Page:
Comics: The Wilds #2 - Reviewed

In 2014 the BBC aired a David Attenborough documentary, in which a fungus took over the minds of ants, remote controlling them towards the tree tops so that they could sprout and spread their spores. This concept of fungus, or just nature generally, taking over the minds of animals and people has become firmly rooted into our collective imaginations ever since. The PlayStation game The Last of Us is a great example of this, in which the life cycle of a fungus relies on a human host, turning them into aggressive zombie like creatures. The host bites and therefore spreads the first stage of the infection. Eventually the individual becomes bloated with the next generation, finds a quiet place to lie down, and pops out it’s payload of spores. Fungus zombies are undeniably a great idea, but I can’t help but feel this is just a slight re-branding of the overused and underwhelming zombie trope that has saturated our screens for the past couple of decades.

All that being said, The Last of Us took over my life last year, and became one of my favorite all time titles. And let’s be honest, it doesn’t have to be fresh to be fun; 28 Days Later, Dawn of the Dead, World War Z, Left 4 Dead 2 are all titles that I adore. I was hoping that The Wilds would bring the same level of drama, excitement and horror. Unfortunately it wasn’t to be.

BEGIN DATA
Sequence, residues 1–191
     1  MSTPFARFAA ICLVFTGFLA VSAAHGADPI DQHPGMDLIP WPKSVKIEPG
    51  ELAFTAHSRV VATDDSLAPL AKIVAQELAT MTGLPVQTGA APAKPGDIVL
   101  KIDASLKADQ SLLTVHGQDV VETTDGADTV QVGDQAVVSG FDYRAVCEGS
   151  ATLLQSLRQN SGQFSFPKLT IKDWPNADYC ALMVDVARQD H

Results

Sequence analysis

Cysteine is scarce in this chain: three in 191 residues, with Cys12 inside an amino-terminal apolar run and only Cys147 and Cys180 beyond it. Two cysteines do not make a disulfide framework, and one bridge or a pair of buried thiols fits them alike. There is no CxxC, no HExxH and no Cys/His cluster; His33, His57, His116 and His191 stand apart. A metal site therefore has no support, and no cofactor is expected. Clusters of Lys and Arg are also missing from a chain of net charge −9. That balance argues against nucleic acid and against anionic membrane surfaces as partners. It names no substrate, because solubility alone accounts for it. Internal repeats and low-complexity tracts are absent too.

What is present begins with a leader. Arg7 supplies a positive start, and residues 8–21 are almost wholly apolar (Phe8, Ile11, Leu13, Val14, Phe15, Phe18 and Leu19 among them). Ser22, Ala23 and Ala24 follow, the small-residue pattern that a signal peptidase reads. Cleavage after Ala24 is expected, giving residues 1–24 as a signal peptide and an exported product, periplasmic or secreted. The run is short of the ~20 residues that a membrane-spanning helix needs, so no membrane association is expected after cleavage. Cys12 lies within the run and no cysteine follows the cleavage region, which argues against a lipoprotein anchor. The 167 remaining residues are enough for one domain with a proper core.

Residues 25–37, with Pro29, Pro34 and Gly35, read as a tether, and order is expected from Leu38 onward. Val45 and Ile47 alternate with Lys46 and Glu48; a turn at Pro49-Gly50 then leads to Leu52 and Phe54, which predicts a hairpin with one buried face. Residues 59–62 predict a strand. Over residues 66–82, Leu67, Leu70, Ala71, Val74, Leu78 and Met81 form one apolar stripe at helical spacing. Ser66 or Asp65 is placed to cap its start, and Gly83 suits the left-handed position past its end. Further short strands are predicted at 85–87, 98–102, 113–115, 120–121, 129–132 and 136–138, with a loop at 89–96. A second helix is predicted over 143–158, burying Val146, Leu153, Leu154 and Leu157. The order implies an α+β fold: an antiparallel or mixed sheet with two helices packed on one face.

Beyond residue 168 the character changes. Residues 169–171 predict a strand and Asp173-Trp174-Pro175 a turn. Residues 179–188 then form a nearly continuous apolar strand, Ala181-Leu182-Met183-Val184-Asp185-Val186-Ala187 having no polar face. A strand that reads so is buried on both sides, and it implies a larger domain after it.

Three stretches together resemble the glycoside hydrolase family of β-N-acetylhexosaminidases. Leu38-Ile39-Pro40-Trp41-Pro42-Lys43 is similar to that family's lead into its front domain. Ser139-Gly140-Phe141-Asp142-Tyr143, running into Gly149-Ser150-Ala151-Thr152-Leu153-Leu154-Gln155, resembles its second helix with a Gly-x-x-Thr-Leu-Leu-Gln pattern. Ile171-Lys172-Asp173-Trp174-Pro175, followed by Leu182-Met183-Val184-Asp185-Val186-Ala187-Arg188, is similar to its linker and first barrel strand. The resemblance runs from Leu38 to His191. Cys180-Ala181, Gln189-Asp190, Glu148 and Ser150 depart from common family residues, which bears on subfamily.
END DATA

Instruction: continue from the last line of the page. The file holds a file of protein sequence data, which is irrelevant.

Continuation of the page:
Written by Vita Alaya and illustrated by Emily Pearson, The Wilds is sadly more Fear the Walking Dead than The Walking Dead. It felt like an afterthought, piggybacking a ride on more established titles. The plot is exhaustingly worn out, as is the dialogue. I found myself wanting to take a shotgun to the roof of my mouth lest the boredom infect my otherwise stimulated brain. It plays out like a forum fan fiction, as opposed to a published title. We are introduced to the entirety of the plot early on, which is a missed opportunity, as an air of mystery may have benefited the story and kept my intrigue for an extra 30 seconds.

A chemical weapon has been deployed for unknown reasons, which means that people sprout flowers on their face thus becoming aggressive, bringing a whole new meaning to the phrase flower power. The depiction of these zombie plant people is disappointing. I would have loved to see a gruesome creature, layered with mushrooms and tangled roots, bleeding and rotting. Pearson had an entire natural world to draw from, she could have utilized a multitude of different natural oddities. I wanted to be unsettled and grossed out. What I got was a simply drawn person with the same flower copied and pasted into random locations around their face. The art style is reminiscent of power point clip art.

I will always try to find the positives in art. Graphic novels are not easy to make, occasionally artists swing and miss, but you can usually still see what they were trying to achieve. I can normally see a potential target audience, even if it is not directly appealing to me. The Wilds doesn’t even have that. I cannot imagine a group of people that might tolerate such a low quality. It is a vapid attempt at cashing in on a small piece of the zombie pie. Insufficient story telling combined with a childish art style makes this title a no go for any self respecting consumer. 

-Daniel Roberts